The Flower Market

The fair was an annual occurrence.

Like most things in Delaware, a member of the du Pont family had founded it. The point was to sell flowers and raise money for charity, and for almost a century the event’s original name, The Flower Market, had stuck. This was despite an influx of midway attractions over the past 50 years twisting the atmosphere into that of a carnival. There were, of course, still roses and chrysanthemums to be bought along the perimeter, but for children, it was now just an excuse to take advantage of the lengthening May daylight and spin themselves dizzy on cheap rides.

In the shadow of Rockford Tower, a mother and daughter walked side by side. A tense distance was growing between them as they passed a row of concessions. It appeared that they would eventually split apart and go their own directions, had a baby stroller not suddenly blocked their path.

“Honey, let’s stop here for a second. Look at this.” The mother pointed to an antique comb for sale on a nearby craft table.

She waited, but got no response. She tried again.

“Honey, look at this, it’s just like the one you had when you were little.”

“That’s disgusting, it probably has lice.” The mother shot a panicked glance at the elderly man working behind the table, but he hadn’t heard.

“What is wrong with you?” She grabbed her daughter by the arm and spoke in a stage whisper. “Can’t you be civil for one afternoon?”

“Did you just say ‘civil?’ Are you, like, ninety years old or something? Who says that? And get off of me.”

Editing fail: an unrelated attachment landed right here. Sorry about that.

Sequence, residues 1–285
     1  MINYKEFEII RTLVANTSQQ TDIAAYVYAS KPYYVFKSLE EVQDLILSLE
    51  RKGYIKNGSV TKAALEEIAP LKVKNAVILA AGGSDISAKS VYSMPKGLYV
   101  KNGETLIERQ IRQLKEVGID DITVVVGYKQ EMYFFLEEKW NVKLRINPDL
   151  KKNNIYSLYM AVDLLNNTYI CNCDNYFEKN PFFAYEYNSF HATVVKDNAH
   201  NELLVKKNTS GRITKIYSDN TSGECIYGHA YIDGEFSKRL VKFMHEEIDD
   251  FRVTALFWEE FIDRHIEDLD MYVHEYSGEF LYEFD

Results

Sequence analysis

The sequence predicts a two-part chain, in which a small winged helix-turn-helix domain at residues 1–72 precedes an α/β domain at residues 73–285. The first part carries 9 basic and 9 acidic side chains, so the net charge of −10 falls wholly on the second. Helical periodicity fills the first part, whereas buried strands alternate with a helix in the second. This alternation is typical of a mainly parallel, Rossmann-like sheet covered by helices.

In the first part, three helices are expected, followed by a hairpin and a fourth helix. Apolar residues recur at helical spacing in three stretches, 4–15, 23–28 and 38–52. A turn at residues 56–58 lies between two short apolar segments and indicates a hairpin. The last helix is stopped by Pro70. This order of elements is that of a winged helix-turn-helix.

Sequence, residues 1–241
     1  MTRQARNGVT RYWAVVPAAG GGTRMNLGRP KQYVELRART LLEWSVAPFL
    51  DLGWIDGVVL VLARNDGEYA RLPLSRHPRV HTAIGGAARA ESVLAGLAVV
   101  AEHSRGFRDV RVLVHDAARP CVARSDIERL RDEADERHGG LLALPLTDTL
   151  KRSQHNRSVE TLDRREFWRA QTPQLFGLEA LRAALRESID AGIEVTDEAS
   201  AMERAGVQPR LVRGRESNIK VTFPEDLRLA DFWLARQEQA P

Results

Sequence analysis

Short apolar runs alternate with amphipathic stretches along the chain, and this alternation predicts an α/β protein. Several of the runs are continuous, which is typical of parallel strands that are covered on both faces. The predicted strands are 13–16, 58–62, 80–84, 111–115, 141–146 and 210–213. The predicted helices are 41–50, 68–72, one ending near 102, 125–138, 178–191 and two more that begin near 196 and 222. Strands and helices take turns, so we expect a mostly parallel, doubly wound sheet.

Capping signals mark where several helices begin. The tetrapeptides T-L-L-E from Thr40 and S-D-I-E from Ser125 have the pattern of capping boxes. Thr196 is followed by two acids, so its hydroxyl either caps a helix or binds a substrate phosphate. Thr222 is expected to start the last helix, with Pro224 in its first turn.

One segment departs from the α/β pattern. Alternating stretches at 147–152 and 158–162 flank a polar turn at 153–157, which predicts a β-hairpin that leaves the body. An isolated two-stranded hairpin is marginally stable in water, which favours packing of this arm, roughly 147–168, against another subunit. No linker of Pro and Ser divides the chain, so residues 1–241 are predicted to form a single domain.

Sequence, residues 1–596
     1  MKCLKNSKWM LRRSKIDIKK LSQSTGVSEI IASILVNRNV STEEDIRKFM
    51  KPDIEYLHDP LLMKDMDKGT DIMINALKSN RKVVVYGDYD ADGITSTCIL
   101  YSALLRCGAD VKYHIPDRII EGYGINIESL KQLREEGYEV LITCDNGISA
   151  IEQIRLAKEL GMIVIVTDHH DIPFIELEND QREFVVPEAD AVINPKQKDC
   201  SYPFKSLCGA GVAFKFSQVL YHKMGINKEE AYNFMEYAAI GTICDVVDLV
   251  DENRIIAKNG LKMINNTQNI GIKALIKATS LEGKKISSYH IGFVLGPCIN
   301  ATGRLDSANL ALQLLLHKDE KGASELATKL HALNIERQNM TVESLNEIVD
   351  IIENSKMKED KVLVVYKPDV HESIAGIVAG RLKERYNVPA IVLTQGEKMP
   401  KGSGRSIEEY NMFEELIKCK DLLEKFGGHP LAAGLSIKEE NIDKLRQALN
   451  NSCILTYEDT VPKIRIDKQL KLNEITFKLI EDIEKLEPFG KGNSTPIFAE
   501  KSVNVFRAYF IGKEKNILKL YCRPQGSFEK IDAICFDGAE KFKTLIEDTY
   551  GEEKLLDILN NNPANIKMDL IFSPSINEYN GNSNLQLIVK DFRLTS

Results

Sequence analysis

“Do you want to leave?”

“Yes, actually.” The young girl pulled free.

“Well, you can’t. We’ve got to pick out a gift for your grandmother.”

“She’s not my grandmother. Why don’t you just call her your mother?”

“Are you really going to start this again? Right here, today?”

Their increasing volume caused the old man to take notice. They lowered their voices.

“You’re not my mom.”

“Yes, I am.”

“No, you’re actually not.”

“You’ve been in a horrible mood all day, ever since I picked you up. And I’ve had enough of it. We’re going to pick out a gift and get out of here, OK?”

“I just don’t understand why I can’t go to the party tonight.”

“Because you’re fifteen years old and it’s your grandmother’s birthday tonight, that’s why.”

“She’s not my grandmother.”

An exasperated sigh.

Once again, the vendor looked in their direction.

“Can I help you two ladies find anything?”

Mother and daughter quickly declined.

A moment later they were rushing into the open sunlight of the park, moving as far as they could from the crowd. Tinny music emanating from a merry-go-round offered more privacy.

“You are not going to that party tonight with that boy, there is no way. Especially the way you’re acting today.”

“I can do whatever I want.” “No, you can’t.”

“Dad would let me go in a second.” “No, he wouldn’t. And he’s not here. So, when he goes away for work, I’m the one in charge, and I make the rules. And I know for a fact he wouldn’t want you going out when you’re behaving like this.”